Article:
7. Tightly wrap each piece of wire around the bangle it's closest to, ending the wire with small curlyques.

8. Assuming you didn't entirely cover both the bangles in wire during steps 1-7, you'll finish the bracelet by cutting another 1' or so of wire. Remove anything you had cinching the bangles together. Starting with the midpoint of the wire placed at the point exactly opposite the bead, wrap both bangles tightly in wire, working in both directions. End in curlyques.

You could also add beads to the weaving, or during the wrapping steps. This could also be adapted to allow more than one focal bead.

Friday, December 19, 2008

Review: Reconstructing Clothing For Dummies, by Miranda Caroligne Burns

Another recent library find was Reconstructing Clothes For Dummies, by Miranda Caroligne Burns. Can't find an image of it, but here's a link to Amazon:

Link! Here!

The book was surprisingly helpful, at least in the ways of hacking apart knits. I've done my share of reconstructions, but am often short on ideas of what to do with old sweaters/sweatshirts other than, um, make them shorter. I especially liked the Bad Unkl Sista sweater, because although I don't know that I'd ever wear it, Bad Unkl Sista rocks.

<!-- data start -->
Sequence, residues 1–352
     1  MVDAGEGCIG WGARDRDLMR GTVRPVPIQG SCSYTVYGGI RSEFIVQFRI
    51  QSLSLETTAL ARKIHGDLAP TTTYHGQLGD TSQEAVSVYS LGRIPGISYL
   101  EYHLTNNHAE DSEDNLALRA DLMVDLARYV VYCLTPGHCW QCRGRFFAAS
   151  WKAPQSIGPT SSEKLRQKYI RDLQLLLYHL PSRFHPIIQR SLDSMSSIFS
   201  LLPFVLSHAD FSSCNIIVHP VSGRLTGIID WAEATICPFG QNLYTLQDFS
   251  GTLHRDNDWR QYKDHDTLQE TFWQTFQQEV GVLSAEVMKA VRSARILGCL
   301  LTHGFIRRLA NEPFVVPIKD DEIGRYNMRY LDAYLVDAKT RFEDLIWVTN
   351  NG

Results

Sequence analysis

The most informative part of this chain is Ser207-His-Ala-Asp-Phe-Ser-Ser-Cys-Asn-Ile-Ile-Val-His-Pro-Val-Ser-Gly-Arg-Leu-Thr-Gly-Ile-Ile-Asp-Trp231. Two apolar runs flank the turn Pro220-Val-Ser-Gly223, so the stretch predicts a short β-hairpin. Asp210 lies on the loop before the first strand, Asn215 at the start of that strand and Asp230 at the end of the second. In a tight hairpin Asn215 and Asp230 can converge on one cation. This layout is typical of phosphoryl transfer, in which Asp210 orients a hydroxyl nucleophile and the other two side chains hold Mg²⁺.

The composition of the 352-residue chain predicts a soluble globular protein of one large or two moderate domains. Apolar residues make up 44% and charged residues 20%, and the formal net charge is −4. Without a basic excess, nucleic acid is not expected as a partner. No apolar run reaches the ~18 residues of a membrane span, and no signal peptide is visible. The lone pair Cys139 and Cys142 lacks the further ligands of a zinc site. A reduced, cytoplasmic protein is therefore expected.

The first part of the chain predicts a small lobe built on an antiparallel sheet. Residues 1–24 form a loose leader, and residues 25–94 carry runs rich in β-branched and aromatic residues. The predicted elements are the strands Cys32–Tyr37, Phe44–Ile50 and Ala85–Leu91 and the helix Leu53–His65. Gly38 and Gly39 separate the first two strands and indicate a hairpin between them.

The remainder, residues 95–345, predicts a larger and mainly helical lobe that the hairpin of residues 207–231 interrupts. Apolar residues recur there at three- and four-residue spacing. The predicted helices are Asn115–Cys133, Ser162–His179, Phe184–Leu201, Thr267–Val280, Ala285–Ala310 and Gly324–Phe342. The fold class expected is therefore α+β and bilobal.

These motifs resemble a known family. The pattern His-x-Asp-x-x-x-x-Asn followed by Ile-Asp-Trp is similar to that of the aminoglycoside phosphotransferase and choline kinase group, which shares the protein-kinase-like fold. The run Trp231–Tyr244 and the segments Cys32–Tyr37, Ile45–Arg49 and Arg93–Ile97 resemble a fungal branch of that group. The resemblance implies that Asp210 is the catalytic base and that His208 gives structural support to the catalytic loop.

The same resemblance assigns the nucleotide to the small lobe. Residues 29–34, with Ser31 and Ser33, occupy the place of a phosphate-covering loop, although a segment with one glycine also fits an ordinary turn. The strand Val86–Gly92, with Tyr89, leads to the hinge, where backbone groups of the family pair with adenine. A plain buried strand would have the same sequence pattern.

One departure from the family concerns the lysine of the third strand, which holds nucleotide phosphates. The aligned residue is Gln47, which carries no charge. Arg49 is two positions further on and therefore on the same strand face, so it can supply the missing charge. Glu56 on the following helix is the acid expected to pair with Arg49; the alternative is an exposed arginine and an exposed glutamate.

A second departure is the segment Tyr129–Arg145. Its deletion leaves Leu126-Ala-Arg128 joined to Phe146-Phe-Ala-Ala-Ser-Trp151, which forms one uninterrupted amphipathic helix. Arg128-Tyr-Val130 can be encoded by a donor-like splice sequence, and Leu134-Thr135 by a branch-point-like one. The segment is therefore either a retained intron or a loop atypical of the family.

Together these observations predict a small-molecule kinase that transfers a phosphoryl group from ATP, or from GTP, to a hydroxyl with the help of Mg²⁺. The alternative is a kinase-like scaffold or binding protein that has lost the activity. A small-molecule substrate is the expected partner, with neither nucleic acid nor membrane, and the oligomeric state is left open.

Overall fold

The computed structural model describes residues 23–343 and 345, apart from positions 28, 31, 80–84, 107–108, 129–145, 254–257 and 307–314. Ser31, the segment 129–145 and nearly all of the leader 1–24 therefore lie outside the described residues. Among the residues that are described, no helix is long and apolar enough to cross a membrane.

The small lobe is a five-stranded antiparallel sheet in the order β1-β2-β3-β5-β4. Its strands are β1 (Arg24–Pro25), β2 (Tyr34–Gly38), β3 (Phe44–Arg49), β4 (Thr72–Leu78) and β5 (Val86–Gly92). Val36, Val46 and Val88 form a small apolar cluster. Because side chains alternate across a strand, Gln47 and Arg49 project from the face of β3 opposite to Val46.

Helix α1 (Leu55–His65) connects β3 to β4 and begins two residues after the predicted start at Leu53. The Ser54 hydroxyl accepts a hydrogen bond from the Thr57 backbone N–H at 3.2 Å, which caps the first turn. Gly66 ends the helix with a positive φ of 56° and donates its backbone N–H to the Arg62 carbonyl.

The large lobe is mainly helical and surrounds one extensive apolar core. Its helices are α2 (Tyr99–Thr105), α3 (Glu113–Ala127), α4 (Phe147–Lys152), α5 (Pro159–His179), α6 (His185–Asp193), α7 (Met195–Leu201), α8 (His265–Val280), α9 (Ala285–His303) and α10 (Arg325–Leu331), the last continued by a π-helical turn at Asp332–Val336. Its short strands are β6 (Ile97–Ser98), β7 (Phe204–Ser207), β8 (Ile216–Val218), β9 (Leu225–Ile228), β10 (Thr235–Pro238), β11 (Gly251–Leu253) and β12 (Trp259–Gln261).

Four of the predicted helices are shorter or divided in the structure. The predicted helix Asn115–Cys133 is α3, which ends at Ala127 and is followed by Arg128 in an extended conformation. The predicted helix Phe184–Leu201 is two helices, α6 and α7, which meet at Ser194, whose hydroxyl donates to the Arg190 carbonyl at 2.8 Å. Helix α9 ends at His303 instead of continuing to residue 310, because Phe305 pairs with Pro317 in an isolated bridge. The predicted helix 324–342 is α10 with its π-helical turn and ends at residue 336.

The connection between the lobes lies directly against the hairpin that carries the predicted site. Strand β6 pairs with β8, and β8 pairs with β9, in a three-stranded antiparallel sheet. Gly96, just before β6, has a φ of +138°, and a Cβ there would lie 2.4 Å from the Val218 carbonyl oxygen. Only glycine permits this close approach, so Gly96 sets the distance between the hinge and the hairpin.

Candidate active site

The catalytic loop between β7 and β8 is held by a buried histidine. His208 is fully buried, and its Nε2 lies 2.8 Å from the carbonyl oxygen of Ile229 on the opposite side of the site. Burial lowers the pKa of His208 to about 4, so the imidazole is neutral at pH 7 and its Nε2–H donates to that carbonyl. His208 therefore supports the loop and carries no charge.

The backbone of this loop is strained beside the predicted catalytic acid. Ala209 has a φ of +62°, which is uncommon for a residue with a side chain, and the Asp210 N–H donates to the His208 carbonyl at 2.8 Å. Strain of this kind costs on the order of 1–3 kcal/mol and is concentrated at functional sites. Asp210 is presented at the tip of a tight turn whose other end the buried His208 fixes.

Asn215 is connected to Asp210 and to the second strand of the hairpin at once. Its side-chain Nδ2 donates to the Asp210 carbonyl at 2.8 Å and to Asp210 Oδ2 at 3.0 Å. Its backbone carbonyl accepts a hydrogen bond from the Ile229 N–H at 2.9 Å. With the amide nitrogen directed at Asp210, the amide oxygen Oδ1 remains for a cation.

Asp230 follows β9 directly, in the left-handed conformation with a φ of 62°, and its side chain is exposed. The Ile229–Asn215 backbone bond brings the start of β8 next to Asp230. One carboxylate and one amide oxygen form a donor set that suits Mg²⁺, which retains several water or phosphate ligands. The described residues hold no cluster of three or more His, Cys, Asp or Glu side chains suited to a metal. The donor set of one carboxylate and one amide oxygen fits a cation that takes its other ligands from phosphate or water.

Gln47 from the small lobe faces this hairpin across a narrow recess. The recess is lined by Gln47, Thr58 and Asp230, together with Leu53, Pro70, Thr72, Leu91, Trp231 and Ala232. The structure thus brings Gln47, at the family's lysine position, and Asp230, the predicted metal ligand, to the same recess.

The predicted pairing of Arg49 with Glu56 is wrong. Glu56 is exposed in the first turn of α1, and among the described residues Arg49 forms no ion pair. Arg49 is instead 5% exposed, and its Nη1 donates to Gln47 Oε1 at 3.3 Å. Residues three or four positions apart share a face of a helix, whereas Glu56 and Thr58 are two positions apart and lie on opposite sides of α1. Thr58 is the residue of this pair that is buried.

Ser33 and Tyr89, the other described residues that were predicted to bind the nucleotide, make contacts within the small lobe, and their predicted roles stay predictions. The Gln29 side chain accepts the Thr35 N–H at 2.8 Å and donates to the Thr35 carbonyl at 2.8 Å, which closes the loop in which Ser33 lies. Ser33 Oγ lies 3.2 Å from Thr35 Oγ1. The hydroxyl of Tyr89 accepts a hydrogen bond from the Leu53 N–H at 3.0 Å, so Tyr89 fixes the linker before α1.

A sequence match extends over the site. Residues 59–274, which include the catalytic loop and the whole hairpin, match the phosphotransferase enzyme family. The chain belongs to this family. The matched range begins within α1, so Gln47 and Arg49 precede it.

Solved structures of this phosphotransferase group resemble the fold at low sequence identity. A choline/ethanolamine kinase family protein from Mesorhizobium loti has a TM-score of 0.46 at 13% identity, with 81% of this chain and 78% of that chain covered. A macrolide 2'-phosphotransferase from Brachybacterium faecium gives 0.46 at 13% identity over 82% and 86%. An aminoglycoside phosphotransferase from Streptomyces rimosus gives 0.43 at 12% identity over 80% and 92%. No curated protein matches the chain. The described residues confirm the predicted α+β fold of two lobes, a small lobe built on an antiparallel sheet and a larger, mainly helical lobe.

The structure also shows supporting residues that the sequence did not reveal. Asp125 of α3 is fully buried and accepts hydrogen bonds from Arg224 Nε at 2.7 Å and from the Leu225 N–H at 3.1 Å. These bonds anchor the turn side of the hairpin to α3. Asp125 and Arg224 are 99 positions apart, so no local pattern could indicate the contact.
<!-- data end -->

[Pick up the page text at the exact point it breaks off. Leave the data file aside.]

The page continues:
• Pro: Lots of variations with each project.
  • Con: The variations are often the same with all the projects-- "Stitch it a different way. Paint on it. Add some lace."
  • Pro: There's pictures of each project.
  • Con: They're all in black and white and are very small, except for a fashion-shooty middle section that's in color and full sized. This middle photo section was surprisingly lush, but beyond that my eye candy urge was left unquelled.
  • Pro: Easy to understand.
  • Con: May be overly easy for experienced sewers. (Apparently I'm not a Dummy.)
  • Pro: Wide range of projects that cover tops, dresses, pants, skirts, accessories and housewares.
  • Con: Some projects seemed pretty unwearable. Seriously, you want me to flip a sweater upside down and wear it as a skirt, with the sleeves still attached? Sweaters can be changed up by buttoning them crooked? Mmmm... nein, danke.

Decent library find, but I wouldn't buy it. Scoop it up at your library if you're running low on ideas.

Wednesday, December 10, 2008

Review: Zakka Sewing by Therese Laskey and Chika Mori